A new analysis of LOREMA and Land Registry data by London Central Portfolio (LCP) suggests that while planning applications have soared interest has waned.
The number of new developments approved for construction has surged again this year, with a substantial 20% increase in the planning pipeline since 2013, representing 106,208 new units. This pipeline is largely made up of projects in the ‘mega cluster’ areas around Tower Hamlets and south of the river in the now infamous Battersea-Nine Elms stretch, where there is already a proliferation of new developments. This year, a further 33,239 and 18,665 units respectively are now scheduled to be built.
New applications have also sky rocketed. Applications for 17,494 new units including 111 towers (buildings over 20 storeys) have been submitted, a 27% increase on 2013. This is equivalent to one new tower application every three days, of which 90% are located in Tower Hamlets and Wandsworth’s Battersea-Nine Elms development.
Despite the ever increasing number of new developments, however, LCP’s analysis has shown that the attraction of these new properties, where prices now average £914,532, is waning. According to LCP’s analysis of the Government’s Land Registry data, only 1,491 new units have been sold so far this year, a substantial 43% decrease on this time in 2015.
This compares with older properties in Inner London where transactions have remained static, 13,194 in 2016 compared with 13,190 over the same period last year. Bringing more bad news for developers, square foot prices have also fallen for new properties. Across the Battersea-Nine Elms stretch, prices are down 8% on their 2014 high. This is in stark contrast to London as a whole where prices are up 23%.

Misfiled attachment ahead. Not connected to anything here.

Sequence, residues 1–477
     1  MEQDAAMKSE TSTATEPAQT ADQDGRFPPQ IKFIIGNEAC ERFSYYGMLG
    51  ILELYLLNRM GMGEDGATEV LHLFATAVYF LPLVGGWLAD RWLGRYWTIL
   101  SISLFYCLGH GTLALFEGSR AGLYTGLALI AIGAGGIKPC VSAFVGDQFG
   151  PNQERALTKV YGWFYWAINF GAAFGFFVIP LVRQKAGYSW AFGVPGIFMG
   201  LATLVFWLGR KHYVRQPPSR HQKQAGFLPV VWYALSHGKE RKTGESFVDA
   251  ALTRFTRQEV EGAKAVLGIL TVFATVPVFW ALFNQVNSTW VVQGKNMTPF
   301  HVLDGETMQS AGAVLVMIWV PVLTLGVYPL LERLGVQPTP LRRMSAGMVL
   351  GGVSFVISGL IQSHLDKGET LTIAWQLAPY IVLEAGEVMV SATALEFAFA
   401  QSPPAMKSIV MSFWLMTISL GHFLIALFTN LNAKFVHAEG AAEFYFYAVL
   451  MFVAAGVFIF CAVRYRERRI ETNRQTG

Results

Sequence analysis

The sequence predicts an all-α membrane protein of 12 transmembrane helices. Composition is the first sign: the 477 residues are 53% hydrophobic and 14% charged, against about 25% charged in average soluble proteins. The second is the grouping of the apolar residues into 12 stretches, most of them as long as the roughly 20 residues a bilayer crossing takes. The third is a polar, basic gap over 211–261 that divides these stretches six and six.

Naomi Heaton, CEO of LCP, said, “In light of the plethora of tax hits over the last few years, possibly exacerbated by the uncertainty of Brexit, it appears foreign investors, the majority buyer of new developments, may finally be turning away. These properties typically sell at a significant premium, averaging 25%, over older stock. History demonstrates that a saturation of over-priced commodity-style property leads to softening prices, particularly during times of economic uncertainty.
“In Tower Hamlets, for example, which undertook an extensive building program before the Global Financial Crisis (GFC), prices took six years to reach parity with their pre-recession level. In contrast in Prime Central London (PCL), where there is very limited new build due to the conservation of its architectural heritage, prices had bounced back by 2010. In a similar fashion, we are again seeing today ‘business as usual’ for older stock.”
For the rest of Inner London, however, falling sales volumes in new developments and the exponentially increasing number of such schemes is causing major concern. This new analysis creates an increasingly worrying picture for areas with a high concentration of new builds, highlighting the ever growing imbalance of supply and demand and a very real concern that falling new build prices will have a knock on effect on the general housing market.
Heaton said, “With 51,904 new units slated for Tower Hamlets and Wandsworth alone, this will take a heavy toll on these areas where there is already extensive oversupply and the buying pool is shrinking thanks to ever more tax hikes. In the cluster areas, this could have a detrimental knock-on effect for existing home owners, adversely impacting the value of their own homes as well as the economy as a whole, if the Exchequer’s tax take in all likelihood diminishes.”
PHOTO CREDIT: Thomas Nugent